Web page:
Results: Chromatograms showed 51 peaks of identified phytochemical compounds. The GC-MS analysis also revealed sixteen (16) active antidiabetic phytochemicals namely: Pentanoic acid 4-oxo- ethyl ester, 2-Methoxy-4-vinylphenol, Triethyl citrate, Quinic acid, 3-O-Methyl-d-glucose, 3,7,11,15-tetramethyl-2-hexadecen-1-ol, Phytol, Hexadecanoic acid, 9,12-octadecadienoic acid, 9,12,15-octadecatrienoic acid, Octadecanoic acid, Hexadecanoic acid 2-hydroxy-1-(hydroxymethyl) ethyl ester, Vitamin E, Campesterol, Stigmasterol, Gamma-sitosterol.

Conclusion: The GC-MS profile provides a suitable chemical fingerprint to assure proper identification of the Nauclea latifolia plant. Sixteen (16) active phytochemicals of the plant leaf are known to have antidiabetic activities; these could be used as a basis for standardization of the plant preparations for diabetes therapy.

Open Access Original Research Article

Assessment of the Antioxidant Potential of Hypoestes rosea Leafin Streptozotocin-induced Diabetic Albino Rats

P. E. Africa, D. G. Tamuno Emine, E. O. Nwachuku, E. S. Bartimaeus

Journal of Complementary and Alternative Medical Research, Page 35-43
DOI: 10.9734/jocamr/2020/v9i430149

Aims: The present paper was to investigate possible antioxidant actions of Hypoestes rosea leaf extracts in streptozotocin-induced diabetes mellitus in rats.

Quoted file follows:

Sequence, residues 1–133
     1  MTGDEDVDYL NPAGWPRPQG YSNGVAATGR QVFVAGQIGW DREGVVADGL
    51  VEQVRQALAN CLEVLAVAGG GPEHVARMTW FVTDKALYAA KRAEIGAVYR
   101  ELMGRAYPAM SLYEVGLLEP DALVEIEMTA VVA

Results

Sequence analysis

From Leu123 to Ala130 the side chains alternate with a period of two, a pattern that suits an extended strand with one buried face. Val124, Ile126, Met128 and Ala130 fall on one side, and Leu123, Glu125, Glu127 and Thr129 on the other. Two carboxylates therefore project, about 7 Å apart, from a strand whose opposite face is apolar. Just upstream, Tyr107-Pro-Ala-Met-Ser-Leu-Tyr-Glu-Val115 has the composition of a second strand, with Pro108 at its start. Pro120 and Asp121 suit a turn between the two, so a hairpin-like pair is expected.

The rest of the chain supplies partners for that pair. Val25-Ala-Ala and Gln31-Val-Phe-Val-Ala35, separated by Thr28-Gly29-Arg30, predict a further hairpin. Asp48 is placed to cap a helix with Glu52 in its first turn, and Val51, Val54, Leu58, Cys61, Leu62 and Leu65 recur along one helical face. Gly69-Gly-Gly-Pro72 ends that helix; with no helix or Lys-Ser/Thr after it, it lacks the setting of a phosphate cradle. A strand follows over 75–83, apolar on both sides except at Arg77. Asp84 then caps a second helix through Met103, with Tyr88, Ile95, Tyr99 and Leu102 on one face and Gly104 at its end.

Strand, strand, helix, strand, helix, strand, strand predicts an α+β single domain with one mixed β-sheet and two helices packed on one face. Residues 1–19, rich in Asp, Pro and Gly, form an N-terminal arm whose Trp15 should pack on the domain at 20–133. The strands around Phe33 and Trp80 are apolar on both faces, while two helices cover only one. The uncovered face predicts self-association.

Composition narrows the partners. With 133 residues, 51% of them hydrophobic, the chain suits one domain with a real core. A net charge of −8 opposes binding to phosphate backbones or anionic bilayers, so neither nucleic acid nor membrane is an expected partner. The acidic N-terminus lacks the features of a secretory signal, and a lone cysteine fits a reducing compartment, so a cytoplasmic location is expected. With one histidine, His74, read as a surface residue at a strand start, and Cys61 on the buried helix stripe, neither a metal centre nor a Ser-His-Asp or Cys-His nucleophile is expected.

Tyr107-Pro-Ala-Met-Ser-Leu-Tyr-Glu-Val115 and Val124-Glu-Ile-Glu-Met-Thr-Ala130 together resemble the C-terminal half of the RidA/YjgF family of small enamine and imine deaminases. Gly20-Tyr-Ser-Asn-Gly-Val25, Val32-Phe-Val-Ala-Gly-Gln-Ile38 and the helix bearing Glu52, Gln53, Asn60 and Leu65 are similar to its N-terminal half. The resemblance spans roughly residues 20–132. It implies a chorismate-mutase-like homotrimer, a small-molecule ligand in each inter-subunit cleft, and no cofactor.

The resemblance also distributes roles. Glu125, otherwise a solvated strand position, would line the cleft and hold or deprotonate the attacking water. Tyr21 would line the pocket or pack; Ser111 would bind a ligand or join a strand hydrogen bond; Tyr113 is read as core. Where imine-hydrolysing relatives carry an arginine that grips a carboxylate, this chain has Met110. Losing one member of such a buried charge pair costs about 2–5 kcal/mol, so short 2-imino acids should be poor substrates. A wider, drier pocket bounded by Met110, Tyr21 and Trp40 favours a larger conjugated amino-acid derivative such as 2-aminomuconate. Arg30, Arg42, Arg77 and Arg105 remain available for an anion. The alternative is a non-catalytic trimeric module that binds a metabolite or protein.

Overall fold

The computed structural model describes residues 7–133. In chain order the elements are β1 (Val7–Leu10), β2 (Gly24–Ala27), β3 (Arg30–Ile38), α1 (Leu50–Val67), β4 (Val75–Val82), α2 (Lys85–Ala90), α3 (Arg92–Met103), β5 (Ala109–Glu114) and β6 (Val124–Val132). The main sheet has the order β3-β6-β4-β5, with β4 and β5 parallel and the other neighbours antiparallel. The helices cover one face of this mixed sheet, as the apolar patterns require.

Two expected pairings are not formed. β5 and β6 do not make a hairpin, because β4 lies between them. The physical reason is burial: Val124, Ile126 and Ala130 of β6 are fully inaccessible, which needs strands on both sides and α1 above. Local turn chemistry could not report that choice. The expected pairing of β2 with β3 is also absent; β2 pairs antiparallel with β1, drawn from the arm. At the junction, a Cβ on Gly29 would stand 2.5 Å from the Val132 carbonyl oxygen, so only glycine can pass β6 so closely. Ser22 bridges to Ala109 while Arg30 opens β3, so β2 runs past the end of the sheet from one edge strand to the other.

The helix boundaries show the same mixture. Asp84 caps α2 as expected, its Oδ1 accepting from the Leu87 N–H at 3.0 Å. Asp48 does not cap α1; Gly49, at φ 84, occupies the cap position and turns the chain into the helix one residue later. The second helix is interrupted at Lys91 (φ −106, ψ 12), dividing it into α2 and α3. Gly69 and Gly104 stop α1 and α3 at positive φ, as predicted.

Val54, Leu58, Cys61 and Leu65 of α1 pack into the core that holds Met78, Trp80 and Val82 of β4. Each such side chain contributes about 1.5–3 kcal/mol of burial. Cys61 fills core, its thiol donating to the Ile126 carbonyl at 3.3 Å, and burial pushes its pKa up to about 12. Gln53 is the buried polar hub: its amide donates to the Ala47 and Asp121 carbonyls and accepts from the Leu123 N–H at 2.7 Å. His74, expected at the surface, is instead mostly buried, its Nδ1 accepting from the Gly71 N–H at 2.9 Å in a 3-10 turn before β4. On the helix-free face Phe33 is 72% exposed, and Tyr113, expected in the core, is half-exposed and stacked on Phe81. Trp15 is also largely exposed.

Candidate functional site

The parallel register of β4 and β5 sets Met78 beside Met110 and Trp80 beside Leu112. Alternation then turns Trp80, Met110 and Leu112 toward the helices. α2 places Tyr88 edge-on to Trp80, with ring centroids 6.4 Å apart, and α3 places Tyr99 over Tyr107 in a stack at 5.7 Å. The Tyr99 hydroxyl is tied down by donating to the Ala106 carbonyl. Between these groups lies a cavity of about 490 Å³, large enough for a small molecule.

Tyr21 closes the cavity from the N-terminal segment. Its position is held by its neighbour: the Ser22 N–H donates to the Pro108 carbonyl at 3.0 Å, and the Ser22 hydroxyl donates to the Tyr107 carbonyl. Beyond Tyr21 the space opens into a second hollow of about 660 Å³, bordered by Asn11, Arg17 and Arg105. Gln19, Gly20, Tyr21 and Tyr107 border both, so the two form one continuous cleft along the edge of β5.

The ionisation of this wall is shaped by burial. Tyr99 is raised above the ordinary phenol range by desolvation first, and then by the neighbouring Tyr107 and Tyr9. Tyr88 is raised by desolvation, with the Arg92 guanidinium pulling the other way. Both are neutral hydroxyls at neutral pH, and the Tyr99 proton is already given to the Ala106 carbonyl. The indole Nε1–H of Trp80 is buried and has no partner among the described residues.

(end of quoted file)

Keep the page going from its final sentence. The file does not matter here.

Study Design:  This study is an interventional study.

Place and Duration of Study: This study was conducted in the animal house unit of the Department of Anatomy and physiology, University of Port Harcourt, Rivers State. between February, 2019 and September, 2019.

Methodology: A total of hundred and sixteen (116) albino rats were assigned by weight into Eighteen (18) groups. The duration of the study was fifteen (15) days for acute and thirty (30) days sub-chronic. The study groups comprised of two (2) treatment phases each (prophylactic and therapeutic) with nine (9) experimental groups in each of the study groups. Ten (10) rats each were assigned to the two (2) positive control groups and six (6) rats each were assigned to the other groups. These groups of rats with an average body weight of 201±.65.20 to 232 ± 16.23 g were treated as follows: Healthy rats received de-ionized water (Negative Control); diabetic rats administered with de-ionized water (Positive Control); healthy rats received aqueous extract orally (EC 100 mg/kg body weight) and diabetic rats administered with aqueous extract orally, daily for fifteen (15) days and thirty (30) days (AEHR 100, 200 and 300 mg/kg body weight; Diabetic Treated group). Animals were fasted for 16 hrs, weighed and painlessly sacrificed and blood was collected through the jugular vein on day sixteen (16) and thirty-one (31) after the experimental phases. Blood sample was collected for the determination of SOD and TAC through colorimetric method.

Results: Results showed that the plasma antioxidant enzymes (superoxide dismutase and total antioxidant capacity) activities were increased in the diabetic treated group compared to the diabetic control groups.

Conclusion: Therefore, we conclude that AEHR can offer protection against diabetic-induced oxidative stress.